- Author Bio
Set in 1999 Japan, Satellite Love is a heartbreaking and beautifully unconventional debut novel about a girl, a boy, and a satellite—and a bittersweet meditation on loneliness, alienation, and what it means to be human.
On the eve of the new millennium, in a city in southern Japan that progress has forgotten, sixteen-year-old Anna Obata looks to the stars for solace. An outcast at school, and left to fend for herself and care for her increasingly senile grandfather at home, Anna copes with her loneliness by searching the night sky for answers. But everything changes the evening the Low Earth Orbit satellite (LEO for short) returns her gaze and sees her as no one else has before.
After Leo is called down to Earth, he embarks on an extraordinary journey to understand his own humanity as well as the fragile mind of the young woman who called him into being. As Anna withdraws further into her own mysterious plans, he will be forced to question the limits of his devotion and the lengths he will go to protect her.
Full of surprising imaginative leaps and yet grounded by a profound understanding of the human heart, Satellite Love is a brilliant and deeply moving meditation on loneliness, faith, and the yearning for meaning and connection. It is an unforgettable story about the indomitable power of the imagination and the mind’s ability to heal itself, no matter the cost, no matter the odds.
Story Locale: Japan
AUDIENCE: For readers of novels about captivating nonconformist outsiders and the universal desire to overcome loneliness, such as Sayaka Murata’s Convenience Store Woman, Gail Honeyman’s Eleanor Oliphant Is Completely Fine, and Yann Martel’s Life of Pi; fans of Jomny Sun’s everyone’s a aliebn when ur a aliebn too as well as of Karen Russell, Heather O’Neill, Neil Smith, Karen Thompson Walker, and Shaun Tan. For viewers of Her, Wall-E, and The Good Place.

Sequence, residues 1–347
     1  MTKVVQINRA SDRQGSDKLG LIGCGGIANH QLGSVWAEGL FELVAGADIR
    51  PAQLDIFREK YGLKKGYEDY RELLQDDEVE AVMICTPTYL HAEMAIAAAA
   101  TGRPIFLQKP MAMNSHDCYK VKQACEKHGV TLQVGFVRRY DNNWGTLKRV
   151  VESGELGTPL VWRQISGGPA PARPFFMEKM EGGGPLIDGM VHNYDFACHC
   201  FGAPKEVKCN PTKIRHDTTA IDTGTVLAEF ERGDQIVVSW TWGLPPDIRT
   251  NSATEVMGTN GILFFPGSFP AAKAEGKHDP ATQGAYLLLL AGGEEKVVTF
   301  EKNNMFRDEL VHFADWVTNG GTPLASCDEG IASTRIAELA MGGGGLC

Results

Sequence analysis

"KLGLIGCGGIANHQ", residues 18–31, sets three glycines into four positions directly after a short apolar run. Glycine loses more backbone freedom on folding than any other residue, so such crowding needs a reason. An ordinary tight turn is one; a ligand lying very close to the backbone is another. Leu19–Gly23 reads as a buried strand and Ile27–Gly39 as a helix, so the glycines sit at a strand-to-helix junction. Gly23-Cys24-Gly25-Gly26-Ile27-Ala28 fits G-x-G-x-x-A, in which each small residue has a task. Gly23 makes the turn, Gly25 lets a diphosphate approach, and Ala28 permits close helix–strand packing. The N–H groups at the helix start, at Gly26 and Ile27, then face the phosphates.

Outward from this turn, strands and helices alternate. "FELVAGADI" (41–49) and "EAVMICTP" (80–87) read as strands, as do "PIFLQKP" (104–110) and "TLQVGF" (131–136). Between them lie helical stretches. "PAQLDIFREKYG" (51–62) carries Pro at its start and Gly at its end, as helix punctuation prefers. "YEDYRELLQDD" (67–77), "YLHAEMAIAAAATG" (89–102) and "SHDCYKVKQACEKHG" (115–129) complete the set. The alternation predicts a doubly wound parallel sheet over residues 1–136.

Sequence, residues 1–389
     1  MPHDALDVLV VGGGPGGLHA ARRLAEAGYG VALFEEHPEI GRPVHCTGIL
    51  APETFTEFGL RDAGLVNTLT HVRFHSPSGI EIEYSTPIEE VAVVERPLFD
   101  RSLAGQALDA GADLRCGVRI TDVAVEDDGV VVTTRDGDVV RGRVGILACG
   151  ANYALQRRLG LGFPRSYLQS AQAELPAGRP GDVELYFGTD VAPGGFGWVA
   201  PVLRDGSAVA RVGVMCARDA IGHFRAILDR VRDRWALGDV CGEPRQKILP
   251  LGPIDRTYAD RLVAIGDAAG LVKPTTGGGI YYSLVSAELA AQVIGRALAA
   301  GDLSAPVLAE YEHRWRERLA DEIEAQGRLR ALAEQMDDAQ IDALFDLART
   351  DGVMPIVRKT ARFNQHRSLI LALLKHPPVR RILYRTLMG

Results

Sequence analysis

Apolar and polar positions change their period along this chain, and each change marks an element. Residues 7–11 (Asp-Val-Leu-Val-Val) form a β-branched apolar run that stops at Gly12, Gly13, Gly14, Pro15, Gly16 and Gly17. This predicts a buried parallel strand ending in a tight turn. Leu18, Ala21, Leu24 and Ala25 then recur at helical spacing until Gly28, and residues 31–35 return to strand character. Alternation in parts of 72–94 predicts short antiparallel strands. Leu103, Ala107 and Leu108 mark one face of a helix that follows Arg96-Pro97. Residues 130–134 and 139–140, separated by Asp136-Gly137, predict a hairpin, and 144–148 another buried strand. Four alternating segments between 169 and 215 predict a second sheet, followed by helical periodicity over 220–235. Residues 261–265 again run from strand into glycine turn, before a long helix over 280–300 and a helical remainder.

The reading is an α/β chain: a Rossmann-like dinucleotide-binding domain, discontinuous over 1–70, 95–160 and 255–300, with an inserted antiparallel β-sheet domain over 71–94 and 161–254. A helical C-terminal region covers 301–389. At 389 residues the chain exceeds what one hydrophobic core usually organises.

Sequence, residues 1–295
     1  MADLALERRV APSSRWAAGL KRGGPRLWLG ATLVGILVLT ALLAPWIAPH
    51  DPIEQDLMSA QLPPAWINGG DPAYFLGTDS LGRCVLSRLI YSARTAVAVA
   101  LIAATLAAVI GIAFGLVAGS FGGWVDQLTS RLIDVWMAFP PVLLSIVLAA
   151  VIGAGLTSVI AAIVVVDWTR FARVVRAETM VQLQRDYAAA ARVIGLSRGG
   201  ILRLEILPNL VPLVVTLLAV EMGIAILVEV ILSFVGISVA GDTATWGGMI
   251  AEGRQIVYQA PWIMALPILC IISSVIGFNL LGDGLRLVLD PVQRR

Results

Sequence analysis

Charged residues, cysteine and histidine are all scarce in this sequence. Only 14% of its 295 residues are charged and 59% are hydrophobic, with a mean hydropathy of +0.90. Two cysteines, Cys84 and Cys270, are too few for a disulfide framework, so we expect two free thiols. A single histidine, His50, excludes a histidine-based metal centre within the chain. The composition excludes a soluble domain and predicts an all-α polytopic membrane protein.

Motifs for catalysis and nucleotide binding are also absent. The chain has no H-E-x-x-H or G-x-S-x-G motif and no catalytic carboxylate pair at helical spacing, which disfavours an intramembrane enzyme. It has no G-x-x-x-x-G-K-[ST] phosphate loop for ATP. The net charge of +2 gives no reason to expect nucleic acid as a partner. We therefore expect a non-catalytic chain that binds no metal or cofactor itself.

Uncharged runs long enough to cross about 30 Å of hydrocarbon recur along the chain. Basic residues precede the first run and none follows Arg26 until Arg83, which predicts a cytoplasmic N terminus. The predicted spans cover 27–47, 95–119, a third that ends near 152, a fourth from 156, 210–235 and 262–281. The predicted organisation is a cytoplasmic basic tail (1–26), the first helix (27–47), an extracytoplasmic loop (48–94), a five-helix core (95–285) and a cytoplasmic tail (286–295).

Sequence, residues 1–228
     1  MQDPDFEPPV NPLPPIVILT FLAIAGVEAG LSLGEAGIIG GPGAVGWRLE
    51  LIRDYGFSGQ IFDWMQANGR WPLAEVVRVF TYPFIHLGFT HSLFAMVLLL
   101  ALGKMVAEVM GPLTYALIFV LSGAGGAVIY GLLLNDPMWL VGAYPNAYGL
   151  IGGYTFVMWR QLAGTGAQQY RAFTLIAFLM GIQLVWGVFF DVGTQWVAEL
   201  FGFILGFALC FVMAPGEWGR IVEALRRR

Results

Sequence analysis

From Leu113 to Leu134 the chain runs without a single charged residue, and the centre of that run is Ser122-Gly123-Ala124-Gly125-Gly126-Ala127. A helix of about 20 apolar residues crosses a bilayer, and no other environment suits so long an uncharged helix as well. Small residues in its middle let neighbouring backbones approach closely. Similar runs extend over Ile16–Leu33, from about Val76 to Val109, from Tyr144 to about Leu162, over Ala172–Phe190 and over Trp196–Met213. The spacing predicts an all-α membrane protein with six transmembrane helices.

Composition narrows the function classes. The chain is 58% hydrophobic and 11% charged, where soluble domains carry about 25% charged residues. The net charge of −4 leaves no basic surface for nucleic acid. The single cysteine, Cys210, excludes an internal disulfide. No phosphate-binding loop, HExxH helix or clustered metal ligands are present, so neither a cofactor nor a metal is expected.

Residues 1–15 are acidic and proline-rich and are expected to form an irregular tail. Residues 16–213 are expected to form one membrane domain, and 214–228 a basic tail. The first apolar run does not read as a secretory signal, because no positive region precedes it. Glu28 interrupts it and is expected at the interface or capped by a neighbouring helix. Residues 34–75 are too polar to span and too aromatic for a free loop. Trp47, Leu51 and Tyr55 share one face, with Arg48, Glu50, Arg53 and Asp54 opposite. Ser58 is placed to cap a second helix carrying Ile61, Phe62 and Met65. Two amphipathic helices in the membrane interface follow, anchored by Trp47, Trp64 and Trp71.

UNIVERSALLY RESONANT STORY ABOUT THE WAY WE LIVE NOW: Though steeped in the world of 1999 Japan, the novel’s sensitive handling of such themes as mental illness, dementia, social isolation, and loneliness speaks urgently to our current moment and the wave of disconnection that many of us feel despite living in a world of constant connection.
A MOVING MEDITATION ON WHAT IT MEANS TO BE HUMAN: Leo follows in the footsteps of the more-real-than-real “non-humans” of Bladerunner, Westworld, Never Let Me Go, and The Good Place.
JAPANMANIA: The buildup to the Tokyo Summer Olympics (now rescheduled for July 2021) will likely lead to a spike in interest in all things Japanese.
Marketing: US Plans:
Wide ARC distribution (eGalleys available)
Goodreads promotion (pre-publication)
Social media campaign targeting fans of Reese Witherspoon’s book club authors
Pitch for reviews in trade outlets including PW, Booklist, and Kirkus
National review mailing to book editors at outlets such as New York Times, LA Times, People.com and AP
Author Social Media: @genki_ferguson
“Satellite Love is one of those rare and affecting novels that will leave you breathless, charmed, and deeply thoughtful. A beautiful rumination on sentience, imagination, impermanence and friendship, Genki Ferguson has written a story that lives on the precarious and satisfying edge of melancholy and exuberance.” — Ruth Ozeki, author A Tale for the Time Being